Who Decides Who Is a Teacher Leader?

Article Tools
  • PrintPrinter-Friendly
  • EmailEmail Article
  • ReprintReprints
  • CommentsComments

A few months ago I was eating lunch with a teacher friend who bemoaned the fact that he couldn’t do the work he wanted to do within our professional organization. “I keep offering up all these great ideas and I'm getting nowhere,” he said with great frustration. “I just don’t know what it takes to get inside this group and get something new started!”

His ideas were phenomenal. He had a vision for programs beyond any of the work the group had done to date. But they just weren’t resonating with the priorities of the organization at the time. And when you’re the right person with the right idea at the wrong time or wrong place, it can be extremely frustrating. I gave him the best advice I’d ever received when I was in the same situation: “Why are you waiting to be invited to play with the group? Go build your own sandbox.”

Just Do It

Sandbox, door—whatever the metaphor, sometimes you have to make your own opportunities. If you wait around to be asked to do this work, you will be waiting a long time. Trust me. And while everyone’s teacher-leadership journey is different, these are the similarities I’ve noticed in my work.

It starts with self. The Greek playwright Sophocles is credited with saying “Look and you will find it—what is unsought will go undetected.” If you are looking to see leadership in yourself, you will find it. Start small with a simple declaration: “I am a leader.” That felt good, right? You are already on the right path.

Don’t get hung up on titles. Leaders are no longer defined by what they are called, but by what they do. Are you often visited by other teachers when they have questions or problems? Does your administration ask for your feedback or help on projects? Are you cornered in grocery stores or on ball fields by parents who have questions about school policies or programs? If so, then chances are you’re already seen as a leader in your school, regardless of your position or title. Embrace it.

Identify your passion. Not passions—passion. Most teacher leaders I’ve known are passionate about all kinds of things. This can be good, but it can also lead to false starts early on as it strains your already limited resources, namely time. Start with Simon Sinek and his TED Talk about "the golden circle". After the video, write down a list of things you’re passionate about changing. In which scenarios do you have the power to affect positive change? Which of the things are not as important and can be eliminated? Which of those things are products or factors of the others? Which resonate most with you? Eliminate duplicates or things out of your control. What’s left over becomes your passion project.

Connect with other teachers. You aren’t expected to have all the answers or come up with the next great new idea all by yourself. There are many teachers doing similar leadership work around the country, and professional and personal learning communities are helpful places to find human and material resources. Connect with people via social media, conferences, professional organizations, or community events, and let their work empower you. They will also be your lifeline and support when things get difficult.

Know that you are good enough. I once had the chance to hang out with one of my education reform (Capital H) Heroes. I was fangirling so hard! When we finally talked, I was so scared of him judging me for my lack of experience or policy background that I steered the conversation to baseball. Don’t get me wrong. I love a good baseball conversation, but my self-doubt led me to miss the opportunity to pick his brain. There is plenty of work to go around in education reform. You are not expected to know it all or do everything. Do the work that speaks to your heart and be proud. There will be moments of doubt, called Imposter Syndrome, and that is okay. My colleague, Megan Allen, wrote two posts about the Imposter Syndrome felt by many leaders including: exploring the problem and ways to overcome it.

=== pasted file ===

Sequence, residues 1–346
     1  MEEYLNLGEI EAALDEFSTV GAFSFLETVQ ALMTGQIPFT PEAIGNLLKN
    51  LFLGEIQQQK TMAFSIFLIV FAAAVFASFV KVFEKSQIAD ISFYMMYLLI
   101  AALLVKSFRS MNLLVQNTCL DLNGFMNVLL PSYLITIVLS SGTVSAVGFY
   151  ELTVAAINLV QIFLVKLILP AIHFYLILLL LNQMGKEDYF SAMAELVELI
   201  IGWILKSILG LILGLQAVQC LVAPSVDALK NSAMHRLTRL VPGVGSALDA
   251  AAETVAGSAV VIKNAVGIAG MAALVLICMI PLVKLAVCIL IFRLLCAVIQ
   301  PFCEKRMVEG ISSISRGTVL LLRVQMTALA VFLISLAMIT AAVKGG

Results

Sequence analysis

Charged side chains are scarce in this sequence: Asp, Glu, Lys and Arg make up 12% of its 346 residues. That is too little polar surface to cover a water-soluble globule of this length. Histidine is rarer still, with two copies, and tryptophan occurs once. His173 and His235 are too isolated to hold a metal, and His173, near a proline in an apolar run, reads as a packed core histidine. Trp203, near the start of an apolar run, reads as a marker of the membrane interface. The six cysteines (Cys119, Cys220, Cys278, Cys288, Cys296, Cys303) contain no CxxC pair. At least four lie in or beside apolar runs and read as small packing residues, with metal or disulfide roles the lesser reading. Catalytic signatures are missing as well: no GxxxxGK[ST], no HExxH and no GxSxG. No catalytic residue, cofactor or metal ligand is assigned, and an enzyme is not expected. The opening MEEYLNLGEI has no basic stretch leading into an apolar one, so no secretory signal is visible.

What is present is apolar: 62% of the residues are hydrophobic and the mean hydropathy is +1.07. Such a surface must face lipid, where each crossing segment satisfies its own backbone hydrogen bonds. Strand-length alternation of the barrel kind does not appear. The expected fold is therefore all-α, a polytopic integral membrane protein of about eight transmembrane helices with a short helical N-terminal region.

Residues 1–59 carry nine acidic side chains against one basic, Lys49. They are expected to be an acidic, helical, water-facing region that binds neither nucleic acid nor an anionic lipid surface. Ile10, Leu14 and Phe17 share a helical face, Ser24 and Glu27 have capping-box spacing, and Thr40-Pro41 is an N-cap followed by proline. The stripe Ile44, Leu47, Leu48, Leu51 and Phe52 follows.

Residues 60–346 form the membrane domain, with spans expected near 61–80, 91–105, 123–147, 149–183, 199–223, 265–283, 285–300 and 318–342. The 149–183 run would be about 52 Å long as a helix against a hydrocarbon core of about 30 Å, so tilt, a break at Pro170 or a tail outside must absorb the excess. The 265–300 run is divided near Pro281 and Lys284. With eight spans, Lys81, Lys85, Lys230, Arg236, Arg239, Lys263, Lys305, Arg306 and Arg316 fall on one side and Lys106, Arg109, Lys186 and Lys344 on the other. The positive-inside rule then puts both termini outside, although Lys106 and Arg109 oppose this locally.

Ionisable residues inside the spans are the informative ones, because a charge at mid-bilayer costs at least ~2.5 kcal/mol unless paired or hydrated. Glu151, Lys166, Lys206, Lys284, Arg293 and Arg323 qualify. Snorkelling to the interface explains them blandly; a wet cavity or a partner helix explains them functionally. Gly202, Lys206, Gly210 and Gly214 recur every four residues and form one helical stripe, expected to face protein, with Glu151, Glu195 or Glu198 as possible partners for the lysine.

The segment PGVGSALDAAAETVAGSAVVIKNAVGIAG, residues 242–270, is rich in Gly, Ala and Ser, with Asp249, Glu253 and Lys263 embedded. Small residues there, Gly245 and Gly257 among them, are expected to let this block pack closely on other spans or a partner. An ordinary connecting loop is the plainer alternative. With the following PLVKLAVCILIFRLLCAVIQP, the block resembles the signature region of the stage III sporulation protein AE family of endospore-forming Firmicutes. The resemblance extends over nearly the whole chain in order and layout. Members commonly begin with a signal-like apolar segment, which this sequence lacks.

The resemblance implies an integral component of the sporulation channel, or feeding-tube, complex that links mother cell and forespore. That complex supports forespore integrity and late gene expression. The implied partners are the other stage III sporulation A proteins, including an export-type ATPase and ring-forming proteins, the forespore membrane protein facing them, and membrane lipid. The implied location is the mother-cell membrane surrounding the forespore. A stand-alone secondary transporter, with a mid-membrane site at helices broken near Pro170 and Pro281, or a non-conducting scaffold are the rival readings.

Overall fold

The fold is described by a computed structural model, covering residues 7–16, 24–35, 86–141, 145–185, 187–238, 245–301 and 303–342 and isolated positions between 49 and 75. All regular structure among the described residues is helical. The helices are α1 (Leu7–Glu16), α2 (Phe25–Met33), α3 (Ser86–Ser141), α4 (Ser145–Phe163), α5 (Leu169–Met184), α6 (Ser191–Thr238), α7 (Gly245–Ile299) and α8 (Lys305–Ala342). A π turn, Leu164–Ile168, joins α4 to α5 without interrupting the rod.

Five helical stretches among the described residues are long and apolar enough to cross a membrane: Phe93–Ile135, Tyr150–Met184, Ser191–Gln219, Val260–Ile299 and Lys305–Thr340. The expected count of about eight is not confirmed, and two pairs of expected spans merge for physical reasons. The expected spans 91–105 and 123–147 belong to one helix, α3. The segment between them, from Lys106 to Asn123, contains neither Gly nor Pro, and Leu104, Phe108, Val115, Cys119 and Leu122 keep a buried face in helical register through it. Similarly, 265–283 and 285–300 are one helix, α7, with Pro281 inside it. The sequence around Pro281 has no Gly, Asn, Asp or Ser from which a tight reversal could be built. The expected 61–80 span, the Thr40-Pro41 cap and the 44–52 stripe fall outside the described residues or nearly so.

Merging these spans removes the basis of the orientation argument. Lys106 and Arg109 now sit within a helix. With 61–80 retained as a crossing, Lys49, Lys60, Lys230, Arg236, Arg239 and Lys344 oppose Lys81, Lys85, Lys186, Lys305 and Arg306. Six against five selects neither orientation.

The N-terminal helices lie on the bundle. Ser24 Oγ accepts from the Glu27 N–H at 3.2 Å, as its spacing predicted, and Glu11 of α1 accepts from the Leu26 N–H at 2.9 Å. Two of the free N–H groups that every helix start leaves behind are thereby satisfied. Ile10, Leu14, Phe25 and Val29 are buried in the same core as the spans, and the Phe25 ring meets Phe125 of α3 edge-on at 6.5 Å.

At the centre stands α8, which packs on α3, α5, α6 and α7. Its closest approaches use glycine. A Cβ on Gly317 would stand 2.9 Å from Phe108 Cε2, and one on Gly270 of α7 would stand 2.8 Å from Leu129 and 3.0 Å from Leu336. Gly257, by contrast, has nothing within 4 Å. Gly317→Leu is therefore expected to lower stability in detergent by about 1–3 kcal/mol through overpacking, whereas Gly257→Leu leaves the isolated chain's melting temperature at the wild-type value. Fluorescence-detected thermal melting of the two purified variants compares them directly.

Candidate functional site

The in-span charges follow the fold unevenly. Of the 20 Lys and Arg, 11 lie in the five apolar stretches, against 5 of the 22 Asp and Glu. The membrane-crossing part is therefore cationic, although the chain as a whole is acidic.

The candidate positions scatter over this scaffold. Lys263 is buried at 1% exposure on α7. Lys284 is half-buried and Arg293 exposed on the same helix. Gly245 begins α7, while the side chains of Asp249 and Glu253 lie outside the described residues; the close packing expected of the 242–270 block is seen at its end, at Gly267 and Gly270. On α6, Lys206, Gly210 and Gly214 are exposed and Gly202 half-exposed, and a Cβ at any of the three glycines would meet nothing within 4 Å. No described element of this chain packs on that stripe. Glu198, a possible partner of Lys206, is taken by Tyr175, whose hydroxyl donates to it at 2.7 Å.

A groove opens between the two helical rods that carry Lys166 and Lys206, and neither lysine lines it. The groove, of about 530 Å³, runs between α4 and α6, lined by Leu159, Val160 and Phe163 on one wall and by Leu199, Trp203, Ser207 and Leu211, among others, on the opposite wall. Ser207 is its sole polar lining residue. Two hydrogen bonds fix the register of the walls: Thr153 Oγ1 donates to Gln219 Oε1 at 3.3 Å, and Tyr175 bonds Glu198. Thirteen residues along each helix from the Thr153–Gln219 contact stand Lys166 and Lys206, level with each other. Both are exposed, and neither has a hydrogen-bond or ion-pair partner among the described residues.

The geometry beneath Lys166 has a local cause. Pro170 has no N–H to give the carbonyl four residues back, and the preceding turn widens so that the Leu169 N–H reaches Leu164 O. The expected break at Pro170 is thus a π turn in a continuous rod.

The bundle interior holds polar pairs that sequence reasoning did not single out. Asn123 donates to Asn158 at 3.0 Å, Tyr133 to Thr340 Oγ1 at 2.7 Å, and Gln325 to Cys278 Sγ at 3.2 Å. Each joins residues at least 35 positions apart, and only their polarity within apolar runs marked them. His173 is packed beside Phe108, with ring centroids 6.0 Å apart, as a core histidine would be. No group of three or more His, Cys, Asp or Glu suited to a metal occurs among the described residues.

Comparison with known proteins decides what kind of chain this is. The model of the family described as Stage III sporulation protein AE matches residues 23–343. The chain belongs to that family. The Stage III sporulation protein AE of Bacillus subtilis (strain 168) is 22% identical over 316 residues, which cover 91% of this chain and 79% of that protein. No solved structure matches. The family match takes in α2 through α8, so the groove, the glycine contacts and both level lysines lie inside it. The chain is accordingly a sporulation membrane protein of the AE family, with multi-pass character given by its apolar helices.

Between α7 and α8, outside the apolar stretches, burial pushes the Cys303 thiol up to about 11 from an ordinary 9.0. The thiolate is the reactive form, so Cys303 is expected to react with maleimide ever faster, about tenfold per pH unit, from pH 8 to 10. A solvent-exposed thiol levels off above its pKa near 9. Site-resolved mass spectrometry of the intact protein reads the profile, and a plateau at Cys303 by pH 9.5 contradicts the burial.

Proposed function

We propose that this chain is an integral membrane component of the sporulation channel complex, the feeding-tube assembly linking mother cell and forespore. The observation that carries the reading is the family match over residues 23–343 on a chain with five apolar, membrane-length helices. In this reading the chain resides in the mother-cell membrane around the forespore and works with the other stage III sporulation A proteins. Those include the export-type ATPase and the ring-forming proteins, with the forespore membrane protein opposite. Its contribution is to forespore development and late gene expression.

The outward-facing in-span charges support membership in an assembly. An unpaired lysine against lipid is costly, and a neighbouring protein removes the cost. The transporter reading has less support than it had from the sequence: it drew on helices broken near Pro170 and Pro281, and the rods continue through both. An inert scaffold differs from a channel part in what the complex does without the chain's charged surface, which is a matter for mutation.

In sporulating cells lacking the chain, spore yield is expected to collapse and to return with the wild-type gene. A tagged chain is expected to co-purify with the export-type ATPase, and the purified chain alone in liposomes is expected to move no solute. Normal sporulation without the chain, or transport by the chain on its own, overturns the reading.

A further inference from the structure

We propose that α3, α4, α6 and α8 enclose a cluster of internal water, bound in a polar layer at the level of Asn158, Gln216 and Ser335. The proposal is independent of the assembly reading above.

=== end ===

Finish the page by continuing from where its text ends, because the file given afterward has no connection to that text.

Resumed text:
Be patient. If no one’s following you, are you still a leader? Short answer: Yes! Sometimes you’re charting new ground that others just can’t wrap their brains around—yet. You may have to build trust and community with your colleagues. Or you may have to explain your vision over and over again. You might even need to show others how to follow you. All of this takes time. Check out the Derek Sivers TED talk “How to Start a Movement” to learn more about “lone nut” leadership.

Pay it forward. Author Tom Peters is quoted as having said “Leaders don’t create more followers, they create more leaders.” Once you have figured out your path, help others find theirs. Compliment your colleagues. Help them see the power of their work. Invite them on your journey or support them on theirs. Take time to build relationships and nurture ingenuity. As Kris Giere would tell you, #PeopleAreWorthIt.

In the end, what you do and how you do it will be entirely in your hands. The work of the many teacher-leaders I have had the privilege of learning from is connected by one common thread: the kids. In the end, it is all about the kids. If you center every decision on what’s best for our students, you are a leader.

Web Only

Related Opinion
Notice: We recently upgraded our comments. (Learn more here.) If you are logged in as a subscriber or registered user and already have a Display Name on edweek.org, you can post comments. If you do not already have a Display Name, please create one here.
Ground Rules for Posting
We encourage lively debate, but please be respectful of others. Profanity and personal attacks are prohibited. By commenting, you are agreeing to abide by our user agreement.
All comments are public.

Back to Top Back to Top

Most Popular Stories

Viewed

Emailed

Recommended

Commented

MORE EDUCATION JOBS >>